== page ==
Dingle Peninsula 2030 or Corca Dhuibhne 2030 (Irish translation), is a collaborative project which is seeking to transition a region in the peripheral south-west of Ireland to a low-carbon, sustainable community by 2030. The project has employed a novel governance structure through the formation of a collaborative committee. This committee consists of representatives of a local not-for-profit (Mol Téic), a local community development organisation (NEWKD), Ireland’s national electricity distribution system operator (ESB Networks), and our research institute (MaREI). This transdisciplinary configuration is grounded within the local community, whilst also having capacity at a national level.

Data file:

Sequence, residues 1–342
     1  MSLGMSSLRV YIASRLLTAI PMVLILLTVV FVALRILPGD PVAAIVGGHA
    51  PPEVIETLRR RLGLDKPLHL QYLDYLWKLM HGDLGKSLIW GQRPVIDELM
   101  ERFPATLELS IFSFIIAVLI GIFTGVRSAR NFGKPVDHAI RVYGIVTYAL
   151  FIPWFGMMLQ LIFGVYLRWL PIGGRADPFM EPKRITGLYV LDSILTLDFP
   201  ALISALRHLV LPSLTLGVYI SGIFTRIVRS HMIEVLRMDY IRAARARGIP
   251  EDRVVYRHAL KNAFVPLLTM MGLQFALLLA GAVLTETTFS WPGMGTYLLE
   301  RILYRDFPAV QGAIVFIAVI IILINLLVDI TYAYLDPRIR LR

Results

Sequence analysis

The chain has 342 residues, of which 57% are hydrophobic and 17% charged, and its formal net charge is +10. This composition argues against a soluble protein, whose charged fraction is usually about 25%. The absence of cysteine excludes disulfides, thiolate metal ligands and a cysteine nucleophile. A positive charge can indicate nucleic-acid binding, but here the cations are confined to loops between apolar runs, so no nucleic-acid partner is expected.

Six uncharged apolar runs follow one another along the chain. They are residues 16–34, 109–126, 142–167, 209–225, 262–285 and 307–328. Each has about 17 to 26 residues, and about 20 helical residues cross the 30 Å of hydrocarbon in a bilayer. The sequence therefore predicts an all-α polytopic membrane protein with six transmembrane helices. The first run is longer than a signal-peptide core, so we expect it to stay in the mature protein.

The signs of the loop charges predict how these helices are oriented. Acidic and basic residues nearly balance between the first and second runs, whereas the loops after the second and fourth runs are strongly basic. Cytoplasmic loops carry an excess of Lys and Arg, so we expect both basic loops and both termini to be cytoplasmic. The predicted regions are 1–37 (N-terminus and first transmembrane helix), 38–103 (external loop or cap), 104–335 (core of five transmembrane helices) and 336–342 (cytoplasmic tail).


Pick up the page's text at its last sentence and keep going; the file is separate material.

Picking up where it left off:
Despite emerging as recently as 2018, Dingle Peninsula 2030 acts as a community based, transdisciplinary collaboration that has had impact both at a local community level, and on a wider national and international stage. The project has gathered national media coverage, been designated as a living laboratory by the United Nations, and has a sent a delegation to COP-26 to discuss the role of community based initiatives for climate action. Here, we represent the local community impact of Dingle Peninsula 2030, to date. Central to this representation is the concept of the diffusion of sustainability, across a range of sectors including energy, transport, agriculture, education, tourism and employment . The concept of the diffusion of sustainability is outlined in the paper as a means through which to categories the holistic impact which community led climate action projects can facilitate across a range of sectors.